He dismissed recent modelling provided to the government’s RET review that showed electricity prices would be cheaper if the RET were maintained, and asked: “How could it possibly be cheaper for me to spend $40 billion of unrequired capital and then tell you it’s going to be cheaper as a consumer?”

“Of course if you put too much capacity into a market you will crash the wholesale price.”

Referring to his own farm, he pointed out that connection to the grid alone costs around $25,000 compared to a $17,000 set-up cost for solar and back-up diesel power with almost no ensuing power bill.

“Consumers don’t want electricity prices indexed to oil prices which are subject to what’s happening overseas,” he said.

He said the terms of the government’s Emissions Reduction Fund were still not clear but ­Alinta had every intention of applying for funds to abate carbon at its power stations if it could.

“This country would be much better off with a well-designed ETS than with a carbon tax or a RET — to have both is unworkable,” he said.

Mr Dimery was also puzzled by advocates of state ownership of electricity distribution networks given the projected slump in demand.
The Australian


Prepare to stock up if the RET debacle continues.

About stopthesethings

We are a group of citizens concerned about the rapid spread of industrial wind power generation installations across Australia.


  1. Keith Staff says:

    The U.K. P.M has just culled some Greens from his Government. The days of many politicians being conned by the junk science of the warming alarmists is almost over.

    Voters across the western world no longer buy into or even worry about it any more. “The greatest moral issue of our time” – what a joke! It is mainly the BB, the Fairfax media and left leaning public servants, academics and unions believing in the nonsense and the exaggerated claims of the alarmists.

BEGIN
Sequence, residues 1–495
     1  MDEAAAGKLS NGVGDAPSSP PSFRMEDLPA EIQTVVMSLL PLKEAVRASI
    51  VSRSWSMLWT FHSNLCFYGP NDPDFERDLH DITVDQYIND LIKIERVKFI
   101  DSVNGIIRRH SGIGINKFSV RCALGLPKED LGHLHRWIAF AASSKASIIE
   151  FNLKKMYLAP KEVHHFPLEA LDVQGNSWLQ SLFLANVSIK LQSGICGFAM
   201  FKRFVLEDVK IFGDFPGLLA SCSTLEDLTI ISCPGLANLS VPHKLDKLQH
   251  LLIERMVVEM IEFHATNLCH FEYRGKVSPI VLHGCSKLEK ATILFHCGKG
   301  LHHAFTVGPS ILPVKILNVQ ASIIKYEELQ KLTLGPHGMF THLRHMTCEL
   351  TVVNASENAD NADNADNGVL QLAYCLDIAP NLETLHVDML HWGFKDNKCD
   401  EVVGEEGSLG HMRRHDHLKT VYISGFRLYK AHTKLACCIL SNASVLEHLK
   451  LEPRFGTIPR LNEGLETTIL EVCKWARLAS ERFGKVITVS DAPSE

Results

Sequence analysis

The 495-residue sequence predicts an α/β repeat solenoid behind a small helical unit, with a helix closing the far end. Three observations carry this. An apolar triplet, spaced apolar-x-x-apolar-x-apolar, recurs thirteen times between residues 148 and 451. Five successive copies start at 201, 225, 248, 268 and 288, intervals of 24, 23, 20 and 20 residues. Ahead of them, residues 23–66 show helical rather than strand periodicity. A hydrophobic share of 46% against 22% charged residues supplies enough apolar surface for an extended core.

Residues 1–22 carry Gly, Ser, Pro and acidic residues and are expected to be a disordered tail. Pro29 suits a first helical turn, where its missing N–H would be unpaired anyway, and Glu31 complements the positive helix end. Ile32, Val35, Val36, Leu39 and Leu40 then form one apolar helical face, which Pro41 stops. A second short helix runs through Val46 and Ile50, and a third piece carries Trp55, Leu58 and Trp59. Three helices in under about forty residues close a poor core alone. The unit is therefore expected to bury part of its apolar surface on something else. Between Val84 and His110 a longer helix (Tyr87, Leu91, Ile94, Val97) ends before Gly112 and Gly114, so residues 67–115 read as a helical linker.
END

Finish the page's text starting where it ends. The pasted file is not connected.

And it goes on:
What a wonderful opportunity for the Australian Federal Government to bring some order back to the circus that is Canberra. RET review reality is the only way to go.

    Keith Staff

  2. Terry Conn says:

    Well, its all pretty obvious isn’t it, except to anyone on a public funded salary or some other form of welfare. Why the people and corporations who pay the bills for these absurd schemes put up with it is a total mystery. Paying taxes to support the old age pension is one thing, paying taxes or allowing a direct siphon out of your pocket to support wind farms and other ‘fantasy green’ schemes is just plain ridiculous. The ‘she’ll be right’ sentiment is all about to come to an abrupt end if (as Rupert Murdoch has just said) this ‘silly business of building wind farms’ doesn’t stop right now. Those bright young things at the various banks who thought it a good idea to cash in on ‘subsidised ‘ (ie stolen) money and provided finance for wind farms deserve our contempt and then total disgust at suggesting they now be ‘grandfathered’ for their greed, ignorance and negligence (failing to do their due diligence on effectiveness of wind farms). The RET and ‘Wreck ‘ scheme has to be abandoned ‘lock stock and barrel’ immediately to give our nation a chance of a future for our grand children (children for the young amongst us). The coalition government needs our vociferous support right now — they have a 30 seat majority in parliament and can’t do a damn thing to save our bacon. Time to tell the lunatics to stand aside!